Let’s shine some light on the creative projects our students designed last quarter. The challenge was to design a miniature golf hole that represented a historical event. Each hole was required to include at least one simple machine, descriptive sentence strips, and a paragraph summary of their historical event. Throughout the project process, students learned about Newton’s Laws and simple machines, practiced summarizing, conducted historical research, drew out blueprints to scale, designed and constructed their final miniature golf holes. In the end, we celebrated by creating a giant miniature golf course in our very own cafeteria at school!

No project would be complete without some time for reflection, for both students and advisors. If given the chance, there are changes we would all make to our project design, flow, and creations. That’s how we learn – Dream. Do. Reflect. Repeat. And so the cycle continues …

Creative Outlet

It is no secret this year has been the most uniquely challenging school year most of us will likely ever face or experience in our lifetime. Regardless of our own circumstances, each of us has undoubtedly encountered our own versions of struggle and strife in the last 12 months. Though a glimmer of light seems to be slowly appearing at the end of this shadowed tunnel, a heavy weight remains resting on the shoulders of our students (and ourselves) as we walk through our new normal each day. It may be our “new” normal, but there is nothing normal about it. Our hybrid learning model, limiting travel or time with family and friends, and relying on device communication, though necessary safety precautions and workarounds, have certainly added new layers of challenge and discomfort for students this year.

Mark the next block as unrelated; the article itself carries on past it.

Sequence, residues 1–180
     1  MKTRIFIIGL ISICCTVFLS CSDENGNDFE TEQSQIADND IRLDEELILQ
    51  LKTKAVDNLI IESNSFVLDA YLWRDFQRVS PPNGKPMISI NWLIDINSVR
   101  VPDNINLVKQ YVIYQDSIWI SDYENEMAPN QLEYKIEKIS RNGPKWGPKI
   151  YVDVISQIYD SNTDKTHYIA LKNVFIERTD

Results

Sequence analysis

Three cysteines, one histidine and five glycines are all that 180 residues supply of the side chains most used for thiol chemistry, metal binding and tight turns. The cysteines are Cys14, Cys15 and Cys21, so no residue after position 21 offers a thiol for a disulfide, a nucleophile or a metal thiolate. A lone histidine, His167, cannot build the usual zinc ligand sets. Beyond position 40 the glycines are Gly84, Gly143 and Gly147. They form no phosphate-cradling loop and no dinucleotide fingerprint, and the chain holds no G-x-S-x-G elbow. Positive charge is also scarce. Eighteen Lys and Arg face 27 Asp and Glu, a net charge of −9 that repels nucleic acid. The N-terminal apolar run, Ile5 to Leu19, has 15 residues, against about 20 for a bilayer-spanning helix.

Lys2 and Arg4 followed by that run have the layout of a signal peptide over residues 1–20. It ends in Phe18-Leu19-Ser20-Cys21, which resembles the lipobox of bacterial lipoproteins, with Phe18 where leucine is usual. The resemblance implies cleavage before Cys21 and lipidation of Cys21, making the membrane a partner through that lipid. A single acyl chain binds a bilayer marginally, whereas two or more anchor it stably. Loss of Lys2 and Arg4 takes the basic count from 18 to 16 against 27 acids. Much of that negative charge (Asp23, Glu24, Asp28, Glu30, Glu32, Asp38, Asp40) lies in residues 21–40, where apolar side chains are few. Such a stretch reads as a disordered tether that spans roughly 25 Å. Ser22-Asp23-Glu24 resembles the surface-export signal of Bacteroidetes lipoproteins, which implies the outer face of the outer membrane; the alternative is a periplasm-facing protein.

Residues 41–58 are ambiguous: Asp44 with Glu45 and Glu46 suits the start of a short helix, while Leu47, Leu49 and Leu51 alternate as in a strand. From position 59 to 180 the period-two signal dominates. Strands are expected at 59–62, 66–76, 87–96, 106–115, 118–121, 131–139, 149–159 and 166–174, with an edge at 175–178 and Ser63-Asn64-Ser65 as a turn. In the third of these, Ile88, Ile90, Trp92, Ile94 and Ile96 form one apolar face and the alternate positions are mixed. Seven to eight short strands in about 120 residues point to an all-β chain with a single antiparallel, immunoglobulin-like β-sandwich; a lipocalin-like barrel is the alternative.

Allowing students to tap into their creative side can benefit mental health and attitude, allowing for a brief moment of escapism from the confusing and complicated realities surrounding them right now. We could all benefit from a little escape from time to time, but knowing when and how to jump into a creative journey can be easier said than done sometimes.

We need to pay attention to when we are inspired. The motion of the world swirls around us at lightning speed. To quote Ellen DeGeneres, “Have you ever forgotten what you were going to say … as it was coming out of your mouth?” We have so much information, so many signals, entering our minds at every given moment, it can be difficult to hold on to a single thought for more than a moment at times. So when inspiration does strike, we need to snag it and hold on tight.

As students were settling in to their project work time yesterday, a goofy middle school conversation erupted, like they do. I could not even tell you what led to the question, but one of my 8th grade students said, more to himself than anyone else, “I wonder how much a human eyeball weighs.” He quickly grabbed his iPad, a jaw-droppingly powerful tool, and had his answer in a matter of seconds. Did you know the human eyeball weighs about 7.5 grams? Now you do. The next few minutes were filled with an array of fun human eyeball facts. When he felt satisfied with the amount of information he had gathered, at random, about the human eye, he shifted gears and returned to his passion project work. I am not about to stifle an opportunity for learning that arises when a student has a silly moment of inspiration.